Barbara Bush said Friday that guns scare her and she doesn't own one because "I'm too afraid I'd shoot the wrong person." She said military assault rifles like the one used in a California rampage that left five children dead should be outlawed.

In an interview with The Associated Press, the first lady said she did not want to discuss the "politics and policies" surrounding handgun ownership. Her husband, President Bush, opposes new federal handgun controls and is a lifetime member of the National Rifle Association."I myself do not own a gun," she said, urging an interviewer to talk with her husband about his position on handguns. "I choose not to get into that. I am afraid of them (guns). I'm too afraid I'd shoot the wrong person."

Nancy Reagan, before moving to Washington eight years ago, revealed she had owned "a tiny little gun" that she kept by her bed for protection while her husband was away. In her first White House interview in 1981, Mrs. Reagan said she had gotten rid of the weapon.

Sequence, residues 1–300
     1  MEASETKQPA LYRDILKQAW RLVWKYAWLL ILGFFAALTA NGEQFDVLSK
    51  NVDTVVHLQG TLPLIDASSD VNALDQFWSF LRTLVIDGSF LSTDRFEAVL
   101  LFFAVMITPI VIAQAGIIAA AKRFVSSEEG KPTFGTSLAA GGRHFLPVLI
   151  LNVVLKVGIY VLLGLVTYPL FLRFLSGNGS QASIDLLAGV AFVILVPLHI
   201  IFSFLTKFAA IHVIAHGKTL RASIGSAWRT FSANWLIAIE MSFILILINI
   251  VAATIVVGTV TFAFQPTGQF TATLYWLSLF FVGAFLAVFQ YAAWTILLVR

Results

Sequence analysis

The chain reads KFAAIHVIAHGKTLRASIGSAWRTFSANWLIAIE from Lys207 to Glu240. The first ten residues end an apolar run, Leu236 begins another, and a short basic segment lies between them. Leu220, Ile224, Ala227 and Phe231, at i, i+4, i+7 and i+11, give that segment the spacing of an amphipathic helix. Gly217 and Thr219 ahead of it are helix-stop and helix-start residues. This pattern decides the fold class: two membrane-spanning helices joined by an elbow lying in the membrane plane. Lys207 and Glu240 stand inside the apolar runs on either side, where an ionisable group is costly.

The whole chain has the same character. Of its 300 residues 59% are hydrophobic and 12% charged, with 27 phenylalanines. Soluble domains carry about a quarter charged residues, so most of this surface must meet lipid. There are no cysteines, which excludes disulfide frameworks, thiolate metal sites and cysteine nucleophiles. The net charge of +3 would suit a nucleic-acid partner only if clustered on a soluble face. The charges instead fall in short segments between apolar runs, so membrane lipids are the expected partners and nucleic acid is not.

Marking the end of her second week in the White House, Mrs. Bush spent part of Friday afternoon giving her first interviews since her husband became president. "I feel at home here," she said, sitting on a couch, bathed in light from an arched window behind her.

In a town torn by debate over a 51 percent pay increase for members of Congress, Mrs. Bush was asked if she had been able to live on her husband's salary when he was a House member from Houston in the 1960s. "No," she replied, saying that they had relied on money he earned as an oilman in Texas.

"Could we have lived on it? We probably could have," she said. However, she said, they would have had a very different lifestyle and would not have been able to maintain two homes or send their children to private schools.

Asked if her husband had changed in any way since becoming president, she replied, "I don't see a difference with him." Pointing to several people in the room, she said, "I see a difference in you and you and you. Not me. I mean it's just different when you're president. Everybody treats you differently when you're president."